Introduction The interactions between microbiota, epithelial barrier and innate immune responses are important in the pathogenesis of IBD. The ileo-anal pouch offers a unique opportunity to study these inter-relationships before the onset of disease. There are few data regarding tight junction expression or dendritic cell (DC) characteristics following restorative proctocolectomy (RPC). We aimed to assess the relationship between changes in epithelial tight junction expression, dendritic cell phenotype and mucosal cytokine production over the first year following RPC for ulcerative colitis (UC).
Methods Mucosal biopsy samples were taken from the same UC patients undergoing RPC, from the ileostomy afferent loop, the pouch pre-ileostomy closure (P0) and the pouch 6 and 12 months post-ileostomy closure (n = 5). Eptihelial cells expression of zona occludens (ZO)-1, claudin 1 and claudin 2 and DC expression of TLR 2 and 4, CCR9, β7 and CD40 were measured by multicolour flow cytometry. Cytokines were assessed by multiplex ELISA of biopsy supernatants. The paired t-test was used for statistical analysis.
Results Epithelial expression of claudin 2 was increased (p = 0.04) at 6 months and remained elevated at 12 months. No changes were seen in ZO-1 or claudin 1 expression. There was a significant increase in β7 expression on lamina propria DC (p = 0.02), but no differences in DC TLR or CD40 expresssion were seen at 6 months. DC expression of β7 was further elevated (p = 0.005) as well as significantly increased TLR 4 and CD40 expression (p = 0.04). No cytokines were found to be elevated at 6 months, but at 12 months there was a trend towards increased IL6 (p = 0.05).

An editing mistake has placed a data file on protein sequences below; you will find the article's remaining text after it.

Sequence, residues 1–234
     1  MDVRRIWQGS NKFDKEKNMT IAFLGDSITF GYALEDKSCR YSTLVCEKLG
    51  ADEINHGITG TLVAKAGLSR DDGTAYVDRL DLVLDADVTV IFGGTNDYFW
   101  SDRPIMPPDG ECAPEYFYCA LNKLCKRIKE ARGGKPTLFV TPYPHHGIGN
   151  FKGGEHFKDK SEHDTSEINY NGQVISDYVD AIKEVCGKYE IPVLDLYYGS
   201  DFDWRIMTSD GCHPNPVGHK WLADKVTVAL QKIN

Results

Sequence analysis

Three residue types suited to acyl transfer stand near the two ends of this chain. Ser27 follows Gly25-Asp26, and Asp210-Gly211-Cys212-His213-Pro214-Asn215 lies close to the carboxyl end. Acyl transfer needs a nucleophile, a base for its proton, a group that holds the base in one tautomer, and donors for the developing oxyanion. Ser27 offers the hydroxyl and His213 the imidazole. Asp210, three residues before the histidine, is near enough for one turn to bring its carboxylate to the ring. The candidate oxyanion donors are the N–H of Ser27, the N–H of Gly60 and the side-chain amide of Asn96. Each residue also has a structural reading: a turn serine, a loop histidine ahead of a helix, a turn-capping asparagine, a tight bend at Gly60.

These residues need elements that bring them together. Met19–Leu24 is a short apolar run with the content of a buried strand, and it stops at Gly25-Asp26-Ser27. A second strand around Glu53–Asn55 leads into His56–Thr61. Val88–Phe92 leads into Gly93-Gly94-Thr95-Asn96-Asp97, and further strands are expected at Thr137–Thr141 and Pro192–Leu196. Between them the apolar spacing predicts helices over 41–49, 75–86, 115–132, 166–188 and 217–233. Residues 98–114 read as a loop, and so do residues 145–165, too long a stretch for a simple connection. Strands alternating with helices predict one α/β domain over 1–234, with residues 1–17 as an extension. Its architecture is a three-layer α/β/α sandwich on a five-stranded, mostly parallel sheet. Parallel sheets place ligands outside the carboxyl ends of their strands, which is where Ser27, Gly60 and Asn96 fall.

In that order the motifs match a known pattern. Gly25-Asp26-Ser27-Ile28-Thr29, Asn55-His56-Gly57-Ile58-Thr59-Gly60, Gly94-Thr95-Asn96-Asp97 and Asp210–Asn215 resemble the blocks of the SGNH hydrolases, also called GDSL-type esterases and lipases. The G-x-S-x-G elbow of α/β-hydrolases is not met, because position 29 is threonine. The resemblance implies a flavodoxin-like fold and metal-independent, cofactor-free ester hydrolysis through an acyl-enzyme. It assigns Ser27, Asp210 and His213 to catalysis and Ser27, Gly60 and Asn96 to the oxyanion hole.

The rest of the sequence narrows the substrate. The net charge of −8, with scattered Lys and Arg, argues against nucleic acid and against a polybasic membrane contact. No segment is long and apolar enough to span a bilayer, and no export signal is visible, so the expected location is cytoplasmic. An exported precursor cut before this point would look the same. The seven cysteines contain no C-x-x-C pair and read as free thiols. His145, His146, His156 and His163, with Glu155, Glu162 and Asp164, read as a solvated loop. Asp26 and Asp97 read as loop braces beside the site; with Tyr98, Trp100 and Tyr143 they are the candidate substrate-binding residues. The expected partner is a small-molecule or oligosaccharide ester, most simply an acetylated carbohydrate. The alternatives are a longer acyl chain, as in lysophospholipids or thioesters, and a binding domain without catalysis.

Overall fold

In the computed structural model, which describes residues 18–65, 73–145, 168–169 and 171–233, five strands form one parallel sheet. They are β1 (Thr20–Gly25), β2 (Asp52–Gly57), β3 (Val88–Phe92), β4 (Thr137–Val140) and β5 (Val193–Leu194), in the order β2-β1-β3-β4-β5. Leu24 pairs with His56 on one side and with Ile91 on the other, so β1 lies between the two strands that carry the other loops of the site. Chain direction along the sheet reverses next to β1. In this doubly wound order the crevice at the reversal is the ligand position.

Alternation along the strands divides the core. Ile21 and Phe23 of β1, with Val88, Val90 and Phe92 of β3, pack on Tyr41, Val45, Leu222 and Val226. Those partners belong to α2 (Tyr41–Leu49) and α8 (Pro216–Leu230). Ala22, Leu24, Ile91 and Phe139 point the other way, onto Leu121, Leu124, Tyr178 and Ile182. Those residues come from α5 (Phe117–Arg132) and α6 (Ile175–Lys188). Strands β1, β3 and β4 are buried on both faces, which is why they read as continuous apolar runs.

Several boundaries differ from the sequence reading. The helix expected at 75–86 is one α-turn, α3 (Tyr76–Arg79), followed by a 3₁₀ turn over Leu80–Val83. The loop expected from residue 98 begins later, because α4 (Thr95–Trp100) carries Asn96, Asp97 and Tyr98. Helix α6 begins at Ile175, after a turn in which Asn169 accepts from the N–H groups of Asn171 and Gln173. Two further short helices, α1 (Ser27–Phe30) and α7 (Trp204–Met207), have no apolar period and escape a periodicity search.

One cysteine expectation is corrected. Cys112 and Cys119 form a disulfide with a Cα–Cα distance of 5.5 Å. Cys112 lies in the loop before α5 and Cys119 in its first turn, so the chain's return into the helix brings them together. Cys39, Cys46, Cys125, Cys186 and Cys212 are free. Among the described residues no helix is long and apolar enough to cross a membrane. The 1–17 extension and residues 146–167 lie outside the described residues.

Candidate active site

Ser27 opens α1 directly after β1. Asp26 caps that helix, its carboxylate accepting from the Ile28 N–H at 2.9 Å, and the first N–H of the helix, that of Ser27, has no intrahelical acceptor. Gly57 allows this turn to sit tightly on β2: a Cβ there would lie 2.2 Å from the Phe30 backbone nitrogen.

Conclusion In patients with UC, altered tight junction expression with increased epithelial expression of the “pore-forming” tight junction claudin 2 was an early event after ileostomy closure that preceded the onset of mucosal inflammation. In parallel, more lamina propria DC expressed gut homing markers possibly in response to increased exposure to the changing microbial signals and a more permeable epithelial barrier. These changes in parallel may lead to increased microbial stimulation of DC with increased TLR and co-stimulatory molecule expression that could predispose to the development of inflammation.
Disclosure of Interest J. Landy Grant/Research Support from: The Broad Foundation, H. Al-Hassi: None Declared, E. Mann: None Declared, S. Peake: None Declared, P. Ciclitira: None Declared, J. Nicholls: None Declared, S. Clark: None Declared, S. Knight: None Declared, A. Hart: None Declared